For Karaganov, Russia’s uniqueness lies in its “faith”, in other words its Russian Orthodoxy — the Russian term, pravoslavie means “correct faith — its “great history”, its unique values connected with that faith and history, and its ancient social structure that included an elite and religious leaders as well as the peasantry.
Karaganov believes that Russians’ deep faith not only survived the imposed atheism of the Communist regime but helped them transcend the entire “godless experiment” and retain the integrity of the Russian nation:
I will never tire of repeating that the only possible explanation of why we did not descend into a bloody civil war and commit national suicide in the past 20 years is that the Lord forgave the Russian people the heinous sin of communism.
Karaganov’s suggestions — embedded in his words though not explictly stated — reflect the 19th-century Russian Slavophilism, a Romantic nationalist movement led by thinkers Aleksei Khomiakov, Konstantin Aksakov, and Ivan Kireevskii, who argued that Russia should unite behind the principle of Sobornost, an organic sense of “togetherness” or “integration”, at the base of which were Orthodox Christian values and the uniqueness of Russian society.
The Slavophiles also believed that Russia should rule over other Slavic peoples, notably the Belarusians (“White Russians”) and Ukrainians (“Little Russians”), whom they saw not as distinct nations but as offshoots of the Russian nation.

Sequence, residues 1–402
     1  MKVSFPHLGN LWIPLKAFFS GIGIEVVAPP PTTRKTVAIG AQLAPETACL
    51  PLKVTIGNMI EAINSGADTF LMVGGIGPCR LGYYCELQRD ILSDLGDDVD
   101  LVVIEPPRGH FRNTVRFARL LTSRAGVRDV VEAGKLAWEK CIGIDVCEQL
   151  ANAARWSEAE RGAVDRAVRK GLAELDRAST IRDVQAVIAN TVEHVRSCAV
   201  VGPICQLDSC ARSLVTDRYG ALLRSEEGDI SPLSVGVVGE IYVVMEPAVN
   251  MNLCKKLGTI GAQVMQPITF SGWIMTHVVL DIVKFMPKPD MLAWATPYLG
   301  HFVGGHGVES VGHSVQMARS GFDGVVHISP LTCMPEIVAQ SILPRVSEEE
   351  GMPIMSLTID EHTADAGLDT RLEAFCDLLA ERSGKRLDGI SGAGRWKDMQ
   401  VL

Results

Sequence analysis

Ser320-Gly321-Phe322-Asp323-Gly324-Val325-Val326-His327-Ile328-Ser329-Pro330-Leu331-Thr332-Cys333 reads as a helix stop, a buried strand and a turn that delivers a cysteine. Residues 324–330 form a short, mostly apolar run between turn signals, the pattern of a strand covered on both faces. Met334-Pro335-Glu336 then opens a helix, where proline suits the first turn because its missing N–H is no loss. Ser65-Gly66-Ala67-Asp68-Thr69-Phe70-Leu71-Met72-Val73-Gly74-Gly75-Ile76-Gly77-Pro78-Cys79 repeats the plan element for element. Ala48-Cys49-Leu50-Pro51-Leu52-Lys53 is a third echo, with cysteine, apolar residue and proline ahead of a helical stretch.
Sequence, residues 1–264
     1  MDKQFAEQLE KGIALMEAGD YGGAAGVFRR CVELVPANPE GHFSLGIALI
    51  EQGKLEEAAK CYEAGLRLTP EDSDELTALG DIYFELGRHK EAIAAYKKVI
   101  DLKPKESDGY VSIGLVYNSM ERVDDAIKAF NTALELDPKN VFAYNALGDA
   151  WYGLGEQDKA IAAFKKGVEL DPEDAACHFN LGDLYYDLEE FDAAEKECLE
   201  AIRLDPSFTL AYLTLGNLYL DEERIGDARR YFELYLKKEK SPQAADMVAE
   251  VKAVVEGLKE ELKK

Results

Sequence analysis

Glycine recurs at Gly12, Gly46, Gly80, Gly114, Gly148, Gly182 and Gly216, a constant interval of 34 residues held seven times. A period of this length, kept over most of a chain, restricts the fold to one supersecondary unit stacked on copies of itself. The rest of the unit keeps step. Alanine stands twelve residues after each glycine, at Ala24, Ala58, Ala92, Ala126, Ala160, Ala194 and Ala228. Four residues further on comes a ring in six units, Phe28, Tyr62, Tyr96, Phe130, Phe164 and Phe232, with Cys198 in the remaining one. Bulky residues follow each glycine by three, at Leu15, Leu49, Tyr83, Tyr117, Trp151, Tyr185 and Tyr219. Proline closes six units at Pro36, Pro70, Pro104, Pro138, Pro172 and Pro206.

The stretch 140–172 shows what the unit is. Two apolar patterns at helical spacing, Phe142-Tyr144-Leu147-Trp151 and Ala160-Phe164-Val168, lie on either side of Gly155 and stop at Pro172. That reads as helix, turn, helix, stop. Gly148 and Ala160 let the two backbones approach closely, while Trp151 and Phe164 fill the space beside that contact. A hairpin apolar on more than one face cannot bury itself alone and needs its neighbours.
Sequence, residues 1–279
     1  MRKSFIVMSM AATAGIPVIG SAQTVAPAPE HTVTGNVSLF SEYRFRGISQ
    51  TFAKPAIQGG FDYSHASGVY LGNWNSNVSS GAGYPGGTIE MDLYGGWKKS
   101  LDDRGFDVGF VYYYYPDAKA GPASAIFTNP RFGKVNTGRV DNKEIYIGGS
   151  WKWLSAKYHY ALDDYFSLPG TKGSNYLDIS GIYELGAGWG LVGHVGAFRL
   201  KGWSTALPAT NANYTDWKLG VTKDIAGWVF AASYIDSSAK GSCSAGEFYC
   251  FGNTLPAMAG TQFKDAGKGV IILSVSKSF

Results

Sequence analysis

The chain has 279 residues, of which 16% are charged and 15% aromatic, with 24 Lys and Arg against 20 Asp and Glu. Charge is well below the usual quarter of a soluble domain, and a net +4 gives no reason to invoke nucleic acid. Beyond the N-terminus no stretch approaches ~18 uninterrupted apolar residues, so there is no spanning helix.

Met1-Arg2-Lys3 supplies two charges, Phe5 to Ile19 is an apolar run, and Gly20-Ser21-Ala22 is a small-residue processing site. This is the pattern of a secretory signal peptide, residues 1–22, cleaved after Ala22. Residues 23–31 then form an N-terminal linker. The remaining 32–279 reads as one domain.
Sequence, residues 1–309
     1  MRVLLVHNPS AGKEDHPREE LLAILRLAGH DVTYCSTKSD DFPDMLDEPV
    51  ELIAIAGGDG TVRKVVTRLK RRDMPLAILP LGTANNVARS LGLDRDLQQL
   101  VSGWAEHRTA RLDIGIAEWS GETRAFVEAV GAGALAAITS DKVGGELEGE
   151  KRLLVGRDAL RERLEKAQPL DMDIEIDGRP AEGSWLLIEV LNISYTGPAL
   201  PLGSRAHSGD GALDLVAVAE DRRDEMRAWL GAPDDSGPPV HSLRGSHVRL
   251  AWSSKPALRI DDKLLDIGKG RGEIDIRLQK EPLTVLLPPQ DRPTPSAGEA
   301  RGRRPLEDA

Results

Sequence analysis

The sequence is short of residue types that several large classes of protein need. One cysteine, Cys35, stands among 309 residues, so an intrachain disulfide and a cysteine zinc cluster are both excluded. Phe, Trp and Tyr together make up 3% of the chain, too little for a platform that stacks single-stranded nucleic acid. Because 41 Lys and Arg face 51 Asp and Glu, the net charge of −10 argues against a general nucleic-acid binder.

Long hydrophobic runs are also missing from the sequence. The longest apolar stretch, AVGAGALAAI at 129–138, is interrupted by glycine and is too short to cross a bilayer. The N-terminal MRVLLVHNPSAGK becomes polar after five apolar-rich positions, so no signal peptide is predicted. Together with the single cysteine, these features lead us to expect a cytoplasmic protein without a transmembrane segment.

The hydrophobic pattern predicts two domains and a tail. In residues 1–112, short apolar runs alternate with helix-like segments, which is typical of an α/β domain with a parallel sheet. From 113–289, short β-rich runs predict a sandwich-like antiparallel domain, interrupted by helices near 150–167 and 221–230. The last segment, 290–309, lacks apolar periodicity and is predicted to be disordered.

Karaganov does reject Romantic nationalist ideas inherent in the Slavophile movement, including the notion of an idealized past, and says the concept of the Russian “obshchina” or idealized commune is “divorced from reality”. Instead, Karaganov praises the “Russia doctrine” school of thought, which he describes as having supplanted the “communalists”.
This doctrine, he says, is “rooted in traditional Russian Orthodox values but in a modernized form that emphasizes earthly success and moderate nationalism. Its proponents justifiably reject the notion that Russia possesses a unique spirit of collectivism. Apparently, the relatively modern leadership of the Russian Orthodox Church supports the Russian doctrine.”
Karaganov adds, “This school of thought appears to have a future despite the fact that it seeks to recreate a distant Russian past that never really existed.”
For Karaganov then, the “Russia doctrine” — in many ways a modernized version of the Slavophile movement, with the Romantic notions of communality and an idealized historical past cut out — is closest to the “national rallying point”.
Karaganov appears to be suggesting a modern version of nationalism that emphasizes Russia’s uniqueness, and which is based on Orthodox values or at least “faith” and a unity between the elite and “society” — but which does not reject, as Slavophilism did, notions of the West. Rather, Karaganov’s nationalism contains a strong element of pragmatism, rather than Romanticism, calling for a strengthened economy and a robust civil society. Most importantly, it should also be outward-looking:
We need an identity that will take into account the changing world around us and at the same time be based on a realistic assessment of our strengths and weaknesses, and our origins.
Read Karaganov’s full speech here.